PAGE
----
Long Island Rail Road rolling stock

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Top: An M7 railcar in Garden City. Bottom: An EMD DM30AC diesel locomotive pulling C3 railcars in Farmingdale.
Interior of an M7 rail car.

The Long Island Rail Road owns an electric fleet of 836 M7 and 170 M3 electric multiple unit cars, and 134 C3 bilevel rail cars powered by 24 DE30AC diesel-electric locomotives and 21 DM30AC dual-mode locomotives.[1]

In 1997 and 1998, the LIRR received 134 double-decker C3 passenger cars from Kawasaki, including 23 cab control cars, and 46 General Motors Electro-Motive Division diesel-electric locomotives (24 diesel DE30ACs and 21dual-mode DM30ACs) to pull them, allowing trains from non-electric territory to access Penn Station for the first time in many years,[2][3] due to the prohibition on diesel operation in the East River Tunnels leading to Penn Station.[citation needed] They were also the first trains with computerized voices (complete with LED sign displays) announcing stations along the routes. However, over the years of service the automated announcements and LED displays usually do not work, consequently enabling the conductors to announce the stations, as complaints from many riders.

Starting in 1999, the LIRR bought 836 new electric M7 electric multiple units from Bombardier, replacing its M1 cars.[4][5] These cars have an automatic station announcement and LED sign display system.[6] Delivery started in the early 2000s, with the first ones beginning revenue service in October 2002.

On September 19, 2013, it was announced that the LIRR would procure new M9/M9A cars from Kawasaki.[7] This procurement includes a firm initial order of 92 cars. Given sufficient funding, another 324 cars will be ordered. The cars will replace the M3s and expand the fleet in preparation for service into Grand Central Terminal via the East Side Access.[8] The cars will be assembled at Kawasaki's plant in Yonkers.

History[edit]

C3 Bi-level coaches at grade crossing in Bethpage.

When the LIRR began operations in 1836, it leased the newly opened Brooklyn and Jamaica Railroad, including its two duplicate steam locomotives, Ariel and Post Boy, both built by Matthias W. Baldwin. (Ariel was Baldwin's 19th engine, built in 1835.) The LIRR soon acquired, through the B&J, Hicksville in 1836 and John A. King (the only engine built by the Poughkeepsie Locomotive Company) in 1838. Post Boy was sold off after an 1852 accident.[9]

Both the "Hicksville" and the "John A. King", were likely acquired second hand by the B & J in 1836 and 1838 respectively.

The "Hicksville" was acquired by the B & J in 1836 from a canal building concern "Proprietors Of Locks And Canals", based in Lowell, Massachusetts. This company is still in existence. According to Robert Stephenson Company records, in the year 1831, the firm of "Locks And Canals" purchased two locomotives new from the Robert Stephenson Company (order # 8 and 17) in England. It is likely the B & J purchased one of those two engines, second hand, from Locks And Canals in 1836, and renamed it the "Hicksville" (after Valentine Hicks, second President of the LIRR, and founder of Hicksville, NY). It is also likely, that at some point prior to its re- sale to the B & J, the engine in question was modified to Stephenson's famous 2-2-2 wheel arrangement.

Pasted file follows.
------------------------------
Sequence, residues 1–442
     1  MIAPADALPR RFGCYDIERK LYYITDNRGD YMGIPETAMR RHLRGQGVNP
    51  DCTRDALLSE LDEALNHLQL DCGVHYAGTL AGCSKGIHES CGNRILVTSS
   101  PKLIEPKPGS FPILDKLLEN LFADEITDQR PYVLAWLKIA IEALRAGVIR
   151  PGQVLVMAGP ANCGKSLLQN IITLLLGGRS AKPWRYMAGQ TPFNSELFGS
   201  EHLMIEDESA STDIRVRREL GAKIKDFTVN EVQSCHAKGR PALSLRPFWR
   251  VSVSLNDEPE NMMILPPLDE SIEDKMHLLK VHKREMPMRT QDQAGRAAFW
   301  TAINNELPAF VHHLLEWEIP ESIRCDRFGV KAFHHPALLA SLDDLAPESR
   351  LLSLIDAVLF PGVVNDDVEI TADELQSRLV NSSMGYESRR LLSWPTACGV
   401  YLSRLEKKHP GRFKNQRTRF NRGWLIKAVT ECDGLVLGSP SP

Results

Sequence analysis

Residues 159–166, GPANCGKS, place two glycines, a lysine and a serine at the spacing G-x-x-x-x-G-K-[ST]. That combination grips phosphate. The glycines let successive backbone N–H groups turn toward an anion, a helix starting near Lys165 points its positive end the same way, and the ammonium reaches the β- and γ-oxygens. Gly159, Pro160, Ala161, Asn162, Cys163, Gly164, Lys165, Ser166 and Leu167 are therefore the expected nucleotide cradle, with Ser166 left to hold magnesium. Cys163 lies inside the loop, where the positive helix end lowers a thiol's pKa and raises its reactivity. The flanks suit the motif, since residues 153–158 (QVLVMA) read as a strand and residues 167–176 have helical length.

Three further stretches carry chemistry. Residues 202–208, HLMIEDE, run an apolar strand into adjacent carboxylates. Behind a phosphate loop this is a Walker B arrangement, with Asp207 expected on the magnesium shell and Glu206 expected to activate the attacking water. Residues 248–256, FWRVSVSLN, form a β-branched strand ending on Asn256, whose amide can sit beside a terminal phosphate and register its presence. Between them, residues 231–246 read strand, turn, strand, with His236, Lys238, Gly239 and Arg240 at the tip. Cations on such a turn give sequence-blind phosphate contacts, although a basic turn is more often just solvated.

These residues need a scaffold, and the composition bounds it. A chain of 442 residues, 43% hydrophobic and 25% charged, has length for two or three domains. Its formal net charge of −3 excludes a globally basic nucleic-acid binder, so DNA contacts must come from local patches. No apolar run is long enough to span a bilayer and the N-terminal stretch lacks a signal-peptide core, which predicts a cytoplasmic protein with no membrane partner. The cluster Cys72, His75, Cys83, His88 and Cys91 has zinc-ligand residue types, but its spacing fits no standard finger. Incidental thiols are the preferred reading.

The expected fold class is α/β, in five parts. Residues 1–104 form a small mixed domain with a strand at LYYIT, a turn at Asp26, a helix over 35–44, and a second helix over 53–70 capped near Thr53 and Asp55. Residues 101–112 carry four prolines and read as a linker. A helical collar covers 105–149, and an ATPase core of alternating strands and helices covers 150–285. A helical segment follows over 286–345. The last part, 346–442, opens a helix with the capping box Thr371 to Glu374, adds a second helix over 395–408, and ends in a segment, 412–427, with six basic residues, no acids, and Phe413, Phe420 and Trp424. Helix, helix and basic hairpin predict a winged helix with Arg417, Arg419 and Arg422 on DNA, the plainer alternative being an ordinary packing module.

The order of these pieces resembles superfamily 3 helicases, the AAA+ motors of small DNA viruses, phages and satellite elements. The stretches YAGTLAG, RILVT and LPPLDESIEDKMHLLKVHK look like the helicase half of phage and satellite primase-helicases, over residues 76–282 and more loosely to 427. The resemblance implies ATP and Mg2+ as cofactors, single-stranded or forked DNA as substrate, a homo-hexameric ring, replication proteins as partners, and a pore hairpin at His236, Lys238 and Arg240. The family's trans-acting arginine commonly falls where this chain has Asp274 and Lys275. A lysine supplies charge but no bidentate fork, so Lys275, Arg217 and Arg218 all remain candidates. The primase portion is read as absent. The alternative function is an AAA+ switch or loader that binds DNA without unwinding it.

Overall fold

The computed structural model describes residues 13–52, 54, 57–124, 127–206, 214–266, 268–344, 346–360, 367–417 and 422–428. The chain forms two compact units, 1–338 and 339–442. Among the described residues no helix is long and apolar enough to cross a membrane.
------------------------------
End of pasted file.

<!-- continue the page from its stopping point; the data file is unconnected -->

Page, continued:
According to "The History Of Brooklyn", by Hazelton, ca. 1920's, the LIRR acquired a second hand locomotive originally named the "Taglioni" from "the Dutchess County (NY) Railway, of British origin, with a large funnel smokestack". This is likely to be the "John A. King". The "Poughkeepsie Locomotive Works" may have only performed a wheel arrangement modification on a pre existing British built locomotive. It should be noted, that Poughkeepsie is also located in Dutchess County New York, hence the possible entity name confusion in the Hazelton book.

Long before modern piggyback services, the LIRR began carrying farm wagons aboard flatcars in 1885.[9]

In the early 20th century, the LIRR was a testing ground for the Pennsylvania Railroad's electrification, including Phoebe, its first electric (AA1), and was the first company to extensively electrify its primary lines. The DD1 electric locomotives were developed from the prototypes that were tested on LIRR trackage. Later it saw power such as the B3.[9]

The LIRR's steam passenger locomotives were modernized from 1901 to 1906, and by 1927, it was the first Class I railroad to replace all its wood passenger cars with steel.[9]

In 1926, the LIRR was the first U.S. railroad to begin using diesel locomotives. The last steam locomotive was a G5s operated until 1955.[9]

Electric storage battery cars were used on the West Hempstead Branch (Valley Stream to Mineola) from 1913 until it was electrified in 1926, and on the Bushwick Branch prior to the end of its passenger operations in 1924.[9] The Central Branch from Garden City east to Mitchel Field was electrified with third rail in 1915, but used ex-Ocean Electric Railway trolley cars until 1933. Normal electric trains were then used until the line's abandonment in 1953.[citation needed]

One of the most popular decisions by Governor Rockefeller after the 1966 takeover was replacing the entire electric passenger fleet with M1 cars.[citation needed] It acquired 770 M1 cars built by Budd and General Electric from 1968 to 1974, and 174 M3 cars, built in 1985 and 1986, also by the Budd Company.[10][11]

Diesel-hauled trains through the late 1990s were operated using 1950s-era P72/PT75 series built by Pullman-Standard. About 28 EMD GP38-2 and 23 MP15AC diesel-electric locomotives pulled about 223 passenger cars, mostly former electric multiple units.[10]

References[edit]